How to Prepare for Medical School in High School

You might think that you don’t have to worry about your college major while you’re in high school, but if you’re interested in pursuing a competitive degree, such as medical school, you’ll want as much advantage as possible. This article will include tips and resources on preparing for medical school while in high school.

The path to a career in healthcare emerges as a bright and promising option. Unlike many fields where recent graduates grapple with the challenge of student loan debt and uncertain job markets, healthcare stands out as a sector teeming with opportunities and growth. The Center for Health Workforce Studies projects a staggering addition of 4.2 million jobs in healthcare between 2010 and 2020, aligning perfectly with the career timelines of today’s high school seniors. The array of options is vast and varied from nursing and physical therapy to specialized roles in finance, data management, and IT within healthcare settings. This guide is tailored to help high school seniors like you lay the groundwork for a successful journey into healthcare, offering practical steps and insights to prepare you for a vibrant career in this ever-growing field.

However, the healthcare field is booming. The U.S. Bureau of Labor Statistics reports that the healthcare industry is creating jobs and is expected to add more than one-third of all new jobs by 2024. This is part of a broader trend, with overall employment in the U.S. economy projected to increase by 6.5 percent during the 2014–2024 decade, adding approximately 9.8 million new jobs. This growth trajectory positions healthcare as a sector ripe with opportunities for today’s graduating seniors.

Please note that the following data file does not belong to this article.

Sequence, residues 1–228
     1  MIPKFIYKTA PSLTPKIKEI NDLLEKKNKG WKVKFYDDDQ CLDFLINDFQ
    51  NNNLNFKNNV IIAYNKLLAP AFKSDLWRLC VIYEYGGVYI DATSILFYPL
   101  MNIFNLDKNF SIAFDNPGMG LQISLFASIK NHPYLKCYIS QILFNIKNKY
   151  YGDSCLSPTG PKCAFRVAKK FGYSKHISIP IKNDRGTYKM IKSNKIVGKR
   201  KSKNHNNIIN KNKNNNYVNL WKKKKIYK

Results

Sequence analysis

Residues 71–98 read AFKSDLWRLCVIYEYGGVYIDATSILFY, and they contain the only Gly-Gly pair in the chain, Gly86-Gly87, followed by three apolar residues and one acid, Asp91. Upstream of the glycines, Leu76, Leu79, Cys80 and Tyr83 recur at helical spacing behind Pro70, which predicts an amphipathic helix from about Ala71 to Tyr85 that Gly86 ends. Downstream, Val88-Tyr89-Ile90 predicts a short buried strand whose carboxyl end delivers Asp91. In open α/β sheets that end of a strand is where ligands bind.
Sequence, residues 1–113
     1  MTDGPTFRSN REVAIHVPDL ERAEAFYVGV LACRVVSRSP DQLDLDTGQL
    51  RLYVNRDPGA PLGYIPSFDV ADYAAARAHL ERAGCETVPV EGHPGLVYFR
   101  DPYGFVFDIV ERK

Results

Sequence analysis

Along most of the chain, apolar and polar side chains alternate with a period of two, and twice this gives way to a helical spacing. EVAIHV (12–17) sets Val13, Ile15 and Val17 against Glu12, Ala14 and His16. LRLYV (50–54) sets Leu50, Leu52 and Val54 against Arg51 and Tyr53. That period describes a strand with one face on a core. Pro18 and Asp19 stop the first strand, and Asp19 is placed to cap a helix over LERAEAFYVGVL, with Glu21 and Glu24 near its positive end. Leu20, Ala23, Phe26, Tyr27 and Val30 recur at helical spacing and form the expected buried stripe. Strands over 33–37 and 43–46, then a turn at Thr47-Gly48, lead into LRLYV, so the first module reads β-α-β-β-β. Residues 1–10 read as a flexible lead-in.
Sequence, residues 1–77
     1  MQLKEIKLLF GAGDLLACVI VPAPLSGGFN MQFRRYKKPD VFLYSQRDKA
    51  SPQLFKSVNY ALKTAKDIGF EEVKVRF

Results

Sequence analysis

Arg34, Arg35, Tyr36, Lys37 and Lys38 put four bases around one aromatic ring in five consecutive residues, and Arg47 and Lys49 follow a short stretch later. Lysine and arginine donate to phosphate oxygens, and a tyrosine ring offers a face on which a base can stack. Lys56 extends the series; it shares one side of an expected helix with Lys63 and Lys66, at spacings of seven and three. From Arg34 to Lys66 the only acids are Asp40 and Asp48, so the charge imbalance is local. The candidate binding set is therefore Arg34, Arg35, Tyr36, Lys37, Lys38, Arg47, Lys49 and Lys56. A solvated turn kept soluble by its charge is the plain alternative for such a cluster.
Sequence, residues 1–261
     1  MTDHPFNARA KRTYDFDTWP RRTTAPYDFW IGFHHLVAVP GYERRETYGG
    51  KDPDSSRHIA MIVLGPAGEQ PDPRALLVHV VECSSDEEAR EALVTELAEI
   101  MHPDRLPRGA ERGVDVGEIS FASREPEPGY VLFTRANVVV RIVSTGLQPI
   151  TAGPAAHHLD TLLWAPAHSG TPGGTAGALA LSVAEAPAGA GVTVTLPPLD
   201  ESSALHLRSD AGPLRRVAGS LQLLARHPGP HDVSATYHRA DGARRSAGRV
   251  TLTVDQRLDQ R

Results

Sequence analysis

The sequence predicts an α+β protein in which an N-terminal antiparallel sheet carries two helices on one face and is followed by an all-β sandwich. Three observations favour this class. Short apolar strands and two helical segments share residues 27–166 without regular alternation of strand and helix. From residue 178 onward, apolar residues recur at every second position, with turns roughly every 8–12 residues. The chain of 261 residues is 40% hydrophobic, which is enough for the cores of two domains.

If you’re looking for a healthcare career, you’ll want to consider at least following the steps on how to prepare for medical school in high school. All of these tactics can also be applied to a nursing career and you’ll be well ahead of your peers and classmates.

There are many opportunities in nursing, physical therapy, pediatrics, oncology, hospice care, and sectors like finance, data management, and IT. Hospitals, nursing homes, and other healthcare organizations also need marketing teams, public relations staff, and executive chefs. All of these jobs promise opportunities for talented young people willing to put in the work. As a high school senior, here’s what you must do to get started.

Get Good Grades

As high school students contemplating a healthcare career, it’s crucial to understand the importance of maintaining good grades. The healthcare industry, known for its rigorous standards and intense competition, often requires a strong academic background for entry. Excelling in your studies not only enhances your knowledge but also significantly boosts your chances of gaining admission into top healthcare programs at esteemed universities. These programs often have stringent entry criteria, where your academic performance is a key deciding factor. Furthermore, securing high grades can open doors to numerous scholarships, reducing the financial burden of higher education. Scholarships are not just financial aid; they are also a mark of distinction that can set you apart in the competitive world of healthcare. So, aiming high in your academic pursuits is not just about good grades; it’s about paving a smoother path toward a fulfilling healthcare career where you can make a difference in countless lives.